Saturday, August 14, 2010

Brooklyn Memories: A Glance backwards, 60 years Ago (2)

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Has any of our readers ever heard of the city of Olympia? Few of them have, doubtless, and yet many of them reside within its precincts. The city of Olympia was formerly the name of one of the villages of Brooklyn Township, and we cannot, but believe the author of the history we quote from was largely interested in the corner lots thereof, for he carefully sets forth all its advantages. "This tract of land," he says, was surveyed and laid out in streets as long ago as the year 1788, and then intended as a city; its progress has been arranged according to the plan, and it begins to have the appearance of regularity. It lies to the east of Brooklyn ferry, and is bounded by the Wallabout and the East River. The holders of this tract appear to be desirous to encourage the undertaking, by their willingness to dispose of lots and at a reasonable price. When we observe the elevated situations, the agreeable prospects, the salubrity of the atmosphere, and the contiguousness to New York, with many other interesting advantages, which the writer would doubtless have named if he thought the thing would not look too much like an advertisement its adaptability cannot be doubted.

The owners of the embryo city seem to have ideas commensurate with the high sounding name they baptized it. "It has been suggested, the writer says, that a bridge would be constructed from this village across the East River to New York. This idea has been treated as chimerical, from the magnitude of the design but whoever takes it into their serious consideration, will find more weight in the practicability of the design than at first view is imagined. This would be the means of raising the value of lands on this side of the River. Which is likely enough, and we wish for the sake of the lot owners and ourselves they had tried, the experiment, and succeeded and then we should have no Union Ferry Company, no big things, and no attempts to bribe incorruptible Legislatures.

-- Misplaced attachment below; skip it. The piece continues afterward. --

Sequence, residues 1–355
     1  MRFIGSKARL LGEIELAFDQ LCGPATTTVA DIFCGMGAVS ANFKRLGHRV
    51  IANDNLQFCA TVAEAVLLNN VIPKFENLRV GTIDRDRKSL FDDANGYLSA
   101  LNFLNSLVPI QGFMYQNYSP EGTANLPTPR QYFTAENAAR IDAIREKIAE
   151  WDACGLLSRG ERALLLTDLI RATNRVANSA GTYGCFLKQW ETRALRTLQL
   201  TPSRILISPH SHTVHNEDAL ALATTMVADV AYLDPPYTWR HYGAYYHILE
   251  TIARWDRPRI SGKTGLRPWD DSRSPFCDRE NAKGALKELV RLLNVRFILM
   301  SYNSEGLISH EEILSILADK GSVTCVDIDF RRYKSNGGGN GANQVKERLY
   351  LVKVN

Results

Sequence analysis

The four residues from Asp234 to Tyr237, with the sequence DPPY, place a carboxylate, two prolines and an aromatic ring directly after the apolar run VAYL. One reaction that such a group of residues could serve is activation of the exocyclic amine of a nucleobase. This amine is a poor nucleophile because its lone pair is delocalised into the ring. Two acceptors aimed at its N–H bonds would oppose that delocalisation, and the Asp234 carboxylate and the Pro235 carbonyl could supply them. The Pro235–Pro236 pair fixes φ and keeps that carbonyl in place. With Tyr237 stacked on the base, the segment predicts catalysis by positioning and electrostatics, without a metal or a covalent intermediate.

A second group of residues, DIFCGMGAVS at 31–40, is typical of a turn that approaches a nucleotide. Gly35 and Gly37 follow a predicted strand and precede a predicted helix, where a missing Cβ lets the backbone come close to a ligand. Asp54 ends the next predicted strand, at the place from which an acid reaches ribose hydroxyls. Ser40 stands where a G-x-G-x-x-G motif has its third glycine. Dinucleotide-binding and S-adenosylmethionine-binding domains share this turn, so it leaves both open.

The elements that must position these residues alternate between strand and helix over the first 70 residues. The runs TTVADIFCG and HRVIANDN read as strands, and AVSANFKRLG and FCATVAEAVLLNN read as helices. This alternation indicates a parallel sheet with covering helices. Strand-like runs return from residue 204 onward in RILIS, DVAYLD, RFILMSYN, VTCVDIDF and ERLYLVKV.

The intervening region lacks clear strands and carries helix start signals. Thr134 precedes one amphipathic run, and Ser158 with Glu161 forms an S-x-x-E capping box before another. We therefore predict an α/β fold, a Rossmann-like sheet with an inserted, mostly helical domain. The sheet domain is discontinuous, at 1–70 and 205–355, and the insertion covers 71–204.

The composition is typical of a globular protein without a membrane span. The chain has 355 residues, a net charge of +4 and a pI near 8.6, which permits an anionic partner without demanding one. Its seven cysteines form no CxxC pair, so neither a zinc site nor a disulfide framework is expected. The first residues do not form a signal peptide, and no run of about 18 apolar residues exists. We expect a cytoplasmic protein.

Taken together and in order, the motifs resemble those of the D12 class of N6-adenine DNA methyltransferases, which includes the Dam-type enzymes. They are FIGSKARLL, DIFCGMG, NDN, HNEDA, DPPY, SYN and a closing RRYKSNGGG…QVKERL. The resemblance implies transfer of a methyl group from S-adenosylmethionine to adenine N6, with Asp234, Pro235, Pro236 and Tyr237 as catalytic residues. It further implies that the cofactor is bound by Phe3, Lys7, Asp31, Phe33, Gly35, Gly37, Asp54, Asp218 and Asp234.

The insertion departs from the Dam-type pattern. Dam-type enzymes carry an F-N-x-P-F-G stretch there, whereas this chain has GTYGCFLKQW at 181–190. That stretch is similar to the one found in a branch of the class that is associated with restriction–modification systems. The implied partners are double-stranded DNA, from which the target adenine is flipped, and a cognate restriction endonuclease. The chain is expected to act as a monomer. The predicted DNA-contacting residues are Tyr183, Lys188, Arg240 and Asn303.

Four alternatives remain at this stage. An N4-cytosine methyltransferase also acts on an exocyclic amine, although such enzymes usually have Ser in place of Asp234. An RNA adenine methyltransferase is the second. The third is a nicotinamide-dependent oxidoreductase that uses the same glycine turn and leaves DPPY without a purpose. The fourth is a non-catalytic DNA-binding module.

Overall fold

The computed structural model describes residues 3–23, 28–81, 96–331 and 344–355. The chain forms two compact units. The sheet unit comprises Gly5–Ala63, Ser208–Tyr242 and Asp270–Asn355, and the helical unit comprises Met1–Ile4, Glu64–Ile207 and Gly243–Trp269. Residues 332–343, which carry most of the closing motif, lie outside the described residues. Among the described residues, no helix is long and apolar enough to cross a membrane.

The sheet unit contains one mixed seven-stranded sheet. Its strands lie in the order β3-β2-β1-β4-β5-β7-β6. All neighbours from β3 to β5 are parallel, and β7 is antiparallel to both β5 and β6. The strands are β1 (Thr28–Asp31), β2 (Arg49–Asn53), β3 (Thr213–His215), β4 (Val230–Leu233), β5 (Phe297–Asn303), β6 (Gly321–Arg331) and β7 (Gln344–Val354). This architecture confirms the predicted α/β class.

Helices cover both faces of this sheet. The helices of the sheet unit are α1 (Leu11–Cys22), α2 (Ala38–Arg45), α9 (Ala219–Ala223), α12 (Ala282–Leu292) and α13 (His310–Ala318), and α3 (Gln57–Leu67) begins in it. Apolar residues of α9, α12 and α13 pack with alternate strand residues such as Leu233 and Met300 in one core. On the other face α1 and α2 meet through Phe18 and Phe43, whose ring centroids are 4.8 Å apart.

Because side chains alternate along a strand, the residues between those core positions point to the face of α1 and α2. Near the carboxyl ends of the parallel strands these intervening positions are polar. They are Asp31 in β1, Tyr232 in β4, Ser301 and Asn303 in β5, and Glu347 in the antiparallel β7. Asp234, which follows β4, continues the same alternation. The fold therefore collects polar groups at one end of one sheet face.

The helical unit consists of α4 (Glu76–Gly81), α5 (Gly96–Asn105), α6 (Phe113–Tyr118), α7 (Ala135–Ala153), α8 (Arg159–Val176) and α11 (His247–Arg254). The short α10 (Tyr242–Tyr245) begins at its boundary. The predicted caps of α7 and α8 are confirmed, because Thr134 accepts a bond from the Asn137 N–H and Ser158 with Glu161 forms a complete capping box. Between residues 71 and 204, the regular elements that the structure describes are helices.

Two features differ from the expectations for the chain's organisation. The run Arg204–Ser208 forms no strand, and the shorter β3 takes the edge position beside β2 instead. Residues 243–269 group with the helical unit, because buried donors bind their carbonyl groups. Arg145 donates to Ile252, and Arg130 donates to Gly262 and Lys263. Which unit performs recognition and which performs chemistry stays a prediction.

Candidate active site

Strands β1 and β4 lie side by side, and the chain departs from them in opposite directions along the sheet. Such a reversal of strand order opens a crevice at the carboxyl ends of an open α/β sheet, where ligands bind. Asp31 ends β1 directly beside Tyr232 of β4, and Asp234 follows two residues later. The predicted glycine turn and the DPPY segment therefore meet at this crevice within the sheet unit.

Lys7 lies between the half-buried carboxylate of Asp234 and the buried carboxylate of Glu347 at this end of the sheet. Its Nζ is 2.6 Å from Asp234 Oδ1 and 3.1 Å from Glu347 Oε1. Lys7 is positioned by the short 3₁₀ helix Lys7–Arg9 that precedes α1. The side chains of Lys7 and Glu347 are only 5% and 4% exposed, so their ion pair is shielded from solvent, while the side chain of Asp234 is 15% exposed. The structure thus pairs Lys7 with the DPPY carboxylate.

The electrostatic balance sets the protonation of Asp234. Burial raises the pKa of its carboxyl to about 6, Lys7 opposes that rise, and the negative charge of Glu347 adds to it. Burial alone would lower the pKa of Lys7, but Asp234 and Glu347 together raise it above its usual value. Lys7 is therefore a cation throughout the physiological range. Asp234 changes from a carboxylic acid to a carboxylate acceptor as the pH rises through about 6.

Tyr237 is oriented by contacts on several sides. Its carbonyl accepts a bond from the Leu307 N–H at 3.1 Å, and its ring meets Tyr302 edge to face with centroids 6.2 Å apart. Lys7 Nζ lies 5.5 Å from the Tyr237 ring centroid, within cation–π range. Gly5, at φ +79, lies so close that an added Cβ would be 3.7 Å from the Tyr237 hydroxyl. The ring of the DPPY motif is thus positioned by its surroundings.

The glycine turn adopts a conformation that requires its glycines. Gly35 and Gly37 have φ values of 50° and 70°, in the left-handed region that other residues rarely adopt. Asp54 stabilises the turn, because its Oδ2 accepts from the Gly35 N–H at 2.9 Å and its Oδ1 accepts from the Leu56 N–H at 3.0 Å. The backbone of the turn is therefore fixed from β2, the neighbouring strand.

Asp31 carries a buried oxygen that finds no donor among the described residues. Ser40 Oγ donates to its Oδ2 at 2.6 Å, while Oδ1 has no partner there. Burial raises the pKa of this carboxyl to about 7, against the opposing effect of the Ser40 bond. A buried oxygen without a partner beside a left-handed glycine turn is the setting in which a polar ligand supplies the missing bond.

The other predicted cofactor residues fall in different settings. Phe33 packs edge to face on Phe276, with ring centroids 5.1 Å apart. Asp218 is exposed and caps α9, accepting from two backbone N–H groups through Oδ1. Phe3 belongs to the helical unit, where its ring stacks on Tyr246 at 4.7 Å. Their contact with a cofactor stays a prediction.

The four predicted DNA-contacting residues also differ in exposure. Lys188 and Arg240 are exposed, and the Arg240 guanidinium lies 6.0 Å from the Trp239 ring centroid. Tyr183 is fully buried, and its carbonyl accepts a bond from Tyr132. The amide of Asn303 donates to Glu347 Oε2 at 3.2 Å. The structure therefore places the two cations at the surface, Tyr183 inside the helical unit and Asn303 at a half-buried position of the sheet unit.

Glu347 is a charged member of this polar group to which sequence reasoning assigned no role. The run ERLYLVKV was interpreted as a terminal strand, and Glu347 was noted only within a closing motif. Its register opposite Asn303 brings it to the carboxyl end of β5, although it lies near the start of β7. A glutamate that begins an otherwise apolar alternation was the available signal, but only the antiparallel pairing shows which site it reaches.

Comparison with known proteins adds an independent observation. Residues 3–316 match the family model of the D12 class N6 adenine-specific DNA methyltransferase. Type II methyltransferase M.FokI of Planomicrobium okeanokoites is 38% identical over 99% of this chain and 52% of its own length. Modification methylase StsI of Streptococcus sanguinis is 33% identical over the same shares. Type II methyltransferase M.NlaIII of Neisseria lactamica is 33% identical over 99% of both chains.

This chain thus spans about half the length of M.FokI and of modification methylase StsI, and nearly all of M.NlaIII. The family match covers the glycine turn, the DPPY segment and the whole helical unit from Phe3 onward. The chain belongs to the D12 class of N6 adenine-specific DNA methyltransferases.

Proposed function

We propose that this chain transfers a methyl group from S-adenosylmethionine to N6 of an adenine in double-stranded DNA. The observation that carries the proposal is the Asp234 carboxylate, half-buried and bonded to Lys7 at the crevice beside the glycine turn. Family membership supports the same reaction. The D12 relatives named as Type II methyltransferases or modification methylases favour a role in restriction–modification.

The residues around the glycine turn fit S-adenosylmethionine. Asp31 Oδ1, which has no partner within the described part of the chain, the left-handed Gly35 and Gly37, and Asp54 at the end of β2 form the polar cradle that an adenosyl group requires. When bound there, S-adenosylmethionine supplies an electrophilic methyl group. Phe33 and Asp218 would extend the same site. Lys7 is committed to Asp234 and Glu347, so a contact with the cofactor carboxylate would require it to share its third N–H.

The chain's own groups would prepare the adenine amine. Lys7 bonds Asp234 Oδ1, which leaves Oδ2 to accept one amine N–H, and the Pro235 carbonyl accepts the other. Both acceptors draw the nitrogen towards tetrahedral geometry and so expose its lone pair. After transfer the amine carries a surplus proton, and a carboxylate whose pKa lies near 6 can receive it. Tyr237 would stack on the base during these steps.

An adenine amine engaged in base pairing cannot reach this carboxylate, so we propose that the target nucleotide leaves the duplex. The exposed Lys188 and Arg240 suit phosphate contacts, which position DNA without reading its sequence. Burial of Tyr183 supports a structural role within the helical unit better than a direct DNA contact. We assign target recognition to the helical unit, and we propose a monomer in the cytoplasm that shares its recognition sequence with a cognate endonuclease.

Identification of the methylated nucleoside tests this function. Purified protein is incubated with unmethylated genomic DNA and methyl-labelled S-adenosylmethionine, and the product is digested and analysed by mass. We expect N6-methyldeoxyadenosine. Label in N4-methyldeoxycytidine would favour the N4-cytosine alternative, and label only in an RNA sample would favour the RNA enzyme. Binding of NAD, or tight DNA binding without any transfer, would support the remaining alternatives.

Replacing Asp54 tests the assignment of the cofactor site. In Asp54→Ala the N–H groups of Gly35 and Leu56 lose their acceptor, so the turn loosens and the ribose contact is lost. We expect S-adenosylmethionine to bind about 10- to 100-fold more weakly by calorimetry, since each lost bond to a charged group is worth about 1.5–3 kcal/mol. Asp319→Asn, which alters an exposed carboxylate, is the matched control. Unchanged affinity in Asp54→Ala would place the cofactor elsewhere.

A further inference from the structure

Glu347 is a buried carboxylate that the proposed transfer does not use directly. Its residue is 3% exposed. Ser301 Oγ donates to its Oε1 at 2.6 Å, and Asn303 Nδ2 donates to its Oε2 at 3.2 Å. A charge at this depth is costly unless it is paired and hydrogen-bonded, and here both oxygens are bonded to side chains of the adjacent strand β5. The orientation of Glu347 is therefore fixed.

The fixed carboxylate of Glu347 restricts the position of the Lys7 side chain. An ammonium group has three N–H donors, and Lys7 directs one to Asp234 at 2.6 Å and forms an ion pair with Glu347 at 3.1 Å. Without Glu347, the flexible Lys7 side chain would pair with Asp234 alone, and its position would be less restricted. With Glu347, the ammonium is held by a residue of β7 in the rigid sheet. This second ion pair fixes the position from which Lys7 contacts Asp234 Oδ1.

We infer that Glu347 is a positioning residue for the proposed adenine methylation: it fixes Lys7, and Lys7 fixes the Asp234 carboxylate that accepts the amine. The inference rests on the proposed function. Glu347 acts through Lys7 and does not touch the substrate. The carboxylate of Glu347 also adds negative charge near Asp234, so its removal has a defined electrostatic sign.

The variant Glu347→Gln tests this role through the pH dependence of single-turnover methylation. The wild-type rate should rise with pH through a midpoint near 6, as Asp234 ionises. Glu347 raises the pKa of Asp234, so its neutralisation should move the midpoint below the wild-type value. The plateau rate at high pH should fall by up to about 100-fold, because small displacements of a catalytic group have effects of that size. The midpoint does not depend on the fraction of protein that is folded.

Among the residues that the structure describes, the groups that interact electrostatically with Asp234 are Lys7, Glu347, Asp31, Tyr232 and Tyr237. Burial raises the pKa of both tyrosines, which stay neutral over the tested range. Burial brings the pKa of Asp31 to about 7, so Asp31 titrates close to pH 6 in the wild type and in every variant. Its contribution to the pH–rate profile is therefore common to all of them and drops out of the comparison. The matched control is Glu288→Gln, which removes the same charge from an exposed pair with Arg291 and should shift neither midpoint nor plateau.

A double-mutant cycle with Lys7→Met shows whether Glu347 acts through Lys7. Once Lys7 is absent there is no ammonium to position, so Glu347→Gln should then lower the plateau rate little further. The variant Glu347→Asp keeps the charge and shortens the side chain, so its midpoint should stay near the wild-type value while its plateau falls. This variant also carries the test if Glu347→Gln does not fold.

"It has also been observed," says the writer, that the Wallabout would form an excellent Navy Yard for vessels to repair. Should such a plan be carried into execution, it would considerably increase the importance of this place." The ground was ceded to the U.S. Government for the purpose in 1807, and the Navy Yard established to the great advantage of several generations of "strikers," and we hope to that of the Olympian lot owners, though of this we are not so well assured.

"As a retreat from New York in Summer," the writer says, "Olympia would furnish many superior excellencies over other places, such is its vicinity to that city, the opportunity of freighting and uploading vessels during the period of fever, the sale of goods to the yeomanry, who are fearful of entering the city." From this is will be inferred that yellow fever was an almost yearly visitor to our sister city, and in another place we are told that Brooklyn is never troubled with that scourge unless it be a case imported from the New York side.

With the writers account of the great things in store for Olympia we take our leave of him for the present, promising to renew his acquaintance tomorrow or next day.

"The inhabitants have contemplated an incorporation, with the offices of Mayor, Aldermen and Council. This civil police, instituting courts, regulating a night watch, lighting of lamps, and erecting a court-house, and other buildings, must make the situation superior to any in the county. Whoever contemplates these advantages, and a multitude of others which might be offered, will be convinced that in time Olympia will become the most important place on the island."

To be continued: A Glance Backwards, Sixty Years Ago (3)

Source of Information: Brooklyn Daily Eagle 5/4/1860

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